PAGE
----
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Excerpt: 'And Still Peace Did Not Come'

Cover of And Still Peace Did Not Come

My family is Gio. We lived in Monrovia when the soldiers started hunting people from our tribe. I was two years old and lived with my auntie. When the soldiers came, my parents ran to the church and we were going to run with them, but my auntie said we should wait. While we were waiting, we heard on the news that they were carrying on a massacre at the church. Everyone was being slaughtered. My mother, my father, my little sister! When this happened, my auntie screamed, "I am a Gio woman! See what they did to your mother, your father, and your little sister? If the people come and find out we are Gio, they will kill us, too!"

We could not stay there any longer. We ran to Nimba, which is where the revolution started and where my family comes from. My auntie thought we would be safe there. But she was an old woman, and when we got to Nimba she could not take the gunshots anymore. As soon as we got to our village, she died.

I remember crying, crying, my auntie dead and wondering who would take care of a little boy like me? People were running into the forest, so I followed them. I didn't know nobody, nobody know me. Suddenly, one of Charles Taylor's leaders jerked his thumb in my direction. He said I should follow him. He said he loved me because I was a bright child and had high-headed ways. He would promote me to the Small Boys Unit, which is what they called "The Marines" back then. And you know, as a child, you don't have any sense, so I ran with that group until I was four or five years old.

At seven years, he gave me gun. I didn't even know about guns, but he taught me to shoot and I did some things I still regret. Once, I was standing there and my commander and one of his deputies starting arguing. They made a bet about a pregnant woman — and if anybody is related to that woman, please forgive me. The rebel leader said the woman had a boy child in her stomach. His deputy said she had a girl child. They bet two hundred U.S. dollars.

Then my commander called me over. He said, "Jefferson!" I said, "Sir chief?" He say, "Open that woman! I want to see which child is in her stomach!" She was screaming. Crying "Lord, Lord, Lord." But because we were all on drugs, we didn't do things normally. I opened that woman raw to see what sex she was having. And the child was a male child, so my commander was happy. He got two hundred dollars U.S. for his trouble. And the woman died. And her baby died. And after I cleaned up the operation my commander said, "You are good to go."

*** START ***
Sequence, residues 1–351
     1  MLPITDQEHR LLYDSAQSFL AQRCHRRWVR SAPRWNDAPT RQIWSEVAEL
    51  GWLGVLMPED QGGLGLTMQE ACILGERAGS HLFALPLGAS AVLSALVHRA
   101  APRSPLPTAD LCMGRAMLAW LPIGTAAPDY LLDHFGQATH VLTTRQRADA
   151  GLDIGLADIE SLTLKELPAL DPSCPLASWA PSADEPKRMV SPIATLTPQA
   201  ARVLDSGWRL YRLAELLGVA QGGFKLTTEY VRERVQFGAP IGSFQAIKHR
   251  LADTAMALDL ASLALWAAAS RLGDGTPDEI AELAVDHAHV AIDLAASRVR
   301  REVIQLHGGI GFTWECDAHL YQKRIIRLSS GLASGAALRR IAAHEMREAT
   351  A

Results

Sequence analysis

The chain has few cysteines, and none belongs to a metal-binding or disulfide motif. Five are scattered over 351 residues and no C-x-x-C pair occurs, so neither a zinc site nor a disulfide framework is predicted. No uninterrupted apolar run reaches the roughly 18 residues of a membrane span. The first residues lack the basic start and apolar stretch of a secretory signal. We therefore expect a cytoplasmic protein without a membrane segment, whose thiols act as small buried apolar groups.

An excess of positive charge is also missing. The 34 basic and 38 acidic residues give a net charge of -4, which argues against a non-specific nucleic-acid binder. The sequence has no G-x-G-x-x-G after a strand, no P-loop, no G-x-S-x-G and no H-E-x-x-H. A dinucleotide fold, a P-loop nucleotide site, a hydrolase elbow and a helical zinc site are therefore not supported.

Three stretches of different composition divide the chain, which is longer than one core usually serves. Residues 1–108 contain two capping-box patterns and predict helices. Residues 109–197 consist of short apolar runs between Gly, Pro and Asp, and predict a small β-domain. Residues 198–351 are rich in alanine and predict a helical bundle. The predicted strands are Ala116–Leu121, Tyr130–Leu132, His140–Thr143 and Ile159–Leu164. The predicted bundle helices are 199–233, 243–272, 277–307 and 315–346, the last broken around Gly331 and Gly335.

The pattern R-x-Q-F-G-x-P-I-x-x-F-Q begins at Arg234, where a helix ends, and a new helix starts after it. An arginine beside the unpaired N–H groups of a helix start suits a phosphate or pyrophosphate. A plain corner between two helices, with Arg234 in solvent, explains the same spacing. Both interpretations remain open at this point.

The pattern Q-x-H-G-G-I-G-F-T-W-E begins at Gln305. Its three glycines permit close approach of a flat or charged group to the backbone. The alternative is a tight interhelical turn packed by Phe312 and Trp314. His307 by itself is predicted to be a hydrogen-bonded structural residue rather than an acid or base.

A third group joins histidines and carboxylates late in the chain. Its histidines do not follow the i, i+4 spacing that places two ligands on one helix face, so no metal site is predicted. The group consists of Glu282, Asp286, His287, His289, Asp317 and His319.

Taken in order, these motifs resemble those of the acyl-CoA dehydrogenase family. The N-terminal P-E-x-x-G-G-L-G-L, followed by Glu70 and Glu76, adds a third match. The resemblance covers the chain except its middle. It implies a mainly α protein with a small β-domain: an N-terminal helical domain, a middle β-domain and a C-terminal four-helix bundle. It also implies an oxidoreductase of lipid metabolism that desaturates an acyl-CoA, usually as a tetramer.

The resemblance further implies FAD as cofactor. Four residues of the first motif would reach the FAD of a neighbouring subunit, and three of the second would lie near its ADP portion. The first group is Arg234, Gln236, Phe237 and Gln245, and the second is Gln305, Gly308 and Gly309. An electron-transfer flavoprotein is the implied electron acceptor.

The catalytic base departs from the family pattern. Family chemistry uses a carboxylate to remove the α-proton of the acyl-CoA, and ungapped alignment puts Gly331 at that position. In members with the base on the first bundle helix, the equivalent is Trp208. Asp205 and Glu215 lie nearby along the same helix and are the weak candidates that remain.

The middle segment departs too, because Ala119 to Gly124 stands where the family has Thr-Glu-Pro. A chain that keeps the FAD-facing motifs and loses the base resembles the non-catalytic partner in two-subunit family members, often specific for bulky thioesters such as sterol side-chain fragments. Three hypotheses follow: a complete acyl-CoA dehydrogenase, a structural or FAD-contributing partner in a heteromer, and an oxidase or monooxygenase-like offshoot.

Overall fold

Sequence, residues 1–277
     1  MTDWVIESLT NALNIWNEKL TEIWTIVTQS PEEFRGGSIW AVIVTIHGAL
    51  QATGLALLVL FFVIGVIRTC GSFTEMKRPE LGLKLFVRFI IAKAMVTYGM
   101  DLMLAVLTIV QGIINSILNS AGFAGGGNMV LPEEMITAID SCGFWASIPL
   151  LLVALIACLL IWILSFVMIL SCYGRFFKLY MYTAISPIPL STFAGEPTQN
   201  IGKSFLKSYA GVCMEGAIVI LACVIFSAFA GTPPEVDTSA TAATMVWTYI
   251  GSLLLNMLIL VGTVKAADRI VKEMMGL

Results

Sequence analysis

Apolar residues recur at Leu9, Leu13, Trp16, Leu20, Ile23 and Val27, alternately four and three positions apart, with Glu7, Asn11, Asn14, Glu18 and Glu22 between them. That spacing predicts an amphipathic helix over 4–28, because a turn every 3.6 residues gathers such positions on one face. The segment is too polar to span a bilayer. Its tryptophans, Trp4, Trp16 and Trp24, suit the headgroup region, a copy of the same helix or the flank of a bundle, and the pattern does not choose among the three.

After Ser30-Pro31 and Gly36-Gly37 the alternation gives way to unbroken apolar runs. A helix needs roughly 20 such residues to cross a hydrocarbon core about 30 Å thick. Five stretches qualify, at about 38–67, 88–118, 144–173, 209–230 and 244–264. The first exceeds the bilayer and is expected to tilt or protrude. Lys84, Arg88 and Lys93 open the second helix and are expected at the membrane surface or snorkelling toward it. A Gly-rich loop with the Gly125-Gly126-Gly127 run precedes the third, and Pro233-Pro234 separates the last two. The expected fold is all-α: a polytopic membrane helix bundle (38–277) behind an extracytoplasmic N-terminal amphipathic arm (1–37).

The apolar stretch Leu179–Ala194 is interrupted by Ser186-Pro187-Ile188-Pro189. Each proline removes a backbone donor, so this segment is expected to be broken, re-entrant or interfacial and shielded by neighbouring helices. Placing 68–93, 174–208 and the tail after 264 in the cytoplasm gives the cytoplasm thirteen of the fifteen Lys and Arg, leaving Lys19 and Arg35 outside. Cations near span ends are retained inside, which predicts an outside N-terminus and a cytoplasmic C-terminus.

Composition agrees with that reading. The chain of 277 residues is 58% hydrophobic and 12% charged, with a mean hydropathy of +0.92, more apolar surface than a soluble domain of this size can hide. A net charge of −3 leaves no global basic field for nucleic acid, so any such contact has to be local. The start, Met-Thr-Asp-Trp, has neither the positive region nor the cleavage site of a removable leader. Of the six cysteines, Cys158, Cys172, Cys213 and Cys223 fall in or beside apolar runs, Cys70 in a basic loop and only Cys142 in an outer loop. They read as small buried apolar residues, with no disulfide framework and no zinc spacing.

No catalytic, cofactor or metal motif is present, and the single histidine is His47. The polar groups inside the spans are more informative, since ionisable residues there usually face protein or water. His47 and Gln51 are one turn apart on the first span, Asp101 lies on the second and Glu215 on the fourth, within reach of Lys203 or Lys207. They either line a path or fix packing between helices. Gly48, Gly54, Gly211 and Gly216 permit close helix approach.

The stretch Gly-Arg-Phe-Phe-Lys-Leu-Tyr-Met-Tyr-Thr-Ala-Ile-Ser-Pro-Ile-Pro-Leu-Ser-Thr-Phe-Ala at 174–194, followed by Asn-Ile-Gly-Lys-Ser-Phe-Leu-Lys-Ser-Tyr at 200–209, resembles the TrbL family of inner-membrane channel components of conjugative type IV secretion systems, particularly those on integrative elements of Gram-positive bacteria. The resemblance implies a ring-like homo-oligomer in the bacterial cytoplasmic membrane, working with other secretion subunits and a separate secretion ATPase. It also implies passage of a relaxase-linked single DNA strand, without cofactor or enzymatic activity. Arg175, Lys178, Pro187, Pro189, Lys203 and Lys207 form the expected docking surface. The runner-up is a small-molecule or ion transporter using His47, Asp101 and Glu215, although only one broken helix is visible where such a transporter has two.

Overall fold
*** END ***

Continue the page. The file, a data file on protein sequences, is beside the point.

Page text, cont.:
-- Jefferson

People thought it was Judgment Day. The end of the world. Suddenly everything we heard would happen if we didn't live more righteously — Turn to God! Before it's too late! — was raining down on our tiny African nation. Brother killed brother. Sons were forced to rape their mothers. Fathers were forced to sleep with their daughters just to save their lives. Children were sacrificed. Those who weren't sacrificed or kidnapped stayed close to their parents. It was too dangerous for them to play outdoors. The beaches, the jungle, even the schoolyards, were full of bullets. For fourteen years, it was like the last day on earth.

Why God had chosen to start with Liberia was a mystery. So far as we knew we had done little and mattered less in the world's eyes. We had waged no wars, built no nuclear weapons. The average Liberian's salary would make you shake your heads in piteous disbelief. Still, we looked for answers: Would this be happening if I had worked harder? Been kinder to my loved ones? It took a long time for us to understand that the darkness swallowing our country had been building for a long time. We were demanding answers for actions that went back decades and, in some cases, centuries.

If you do not know Liberia, you are not alone. Most people can't point to it on a map or know about the nightmare that for fourteen years tore our country apart. The few who do often lump it together with Africa's other fifty-two countries and island nations and dismiss us. In telling you this story, I hope to change that perception, but not for the reasons you might think. What's done can never be undone. We are responsible for our sorrow, and it is up to us, the Liberian people, to look back, look past, and move on. No one can do that for us. Still, everyone knows history's talent for repeating itself. I am an optimist, but we live in a world where terrible things can and do recur. While I hope with all my heart that what happened to us never happens to you, we can learn from Liberia's tragedy. If we don't, someday our grief could be yours.

Excerpted from And Still Peace Did Not Come by Agnes Fallah Kamara-Umunna and Emily Holland. Copyright 2011 Agnes Fallah Kamara-Umunna and Emily Holland. All rights reserved. Reprinted by permission of Hyperion.

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Agnes Fallah Kamara-Umunna
Emily Holland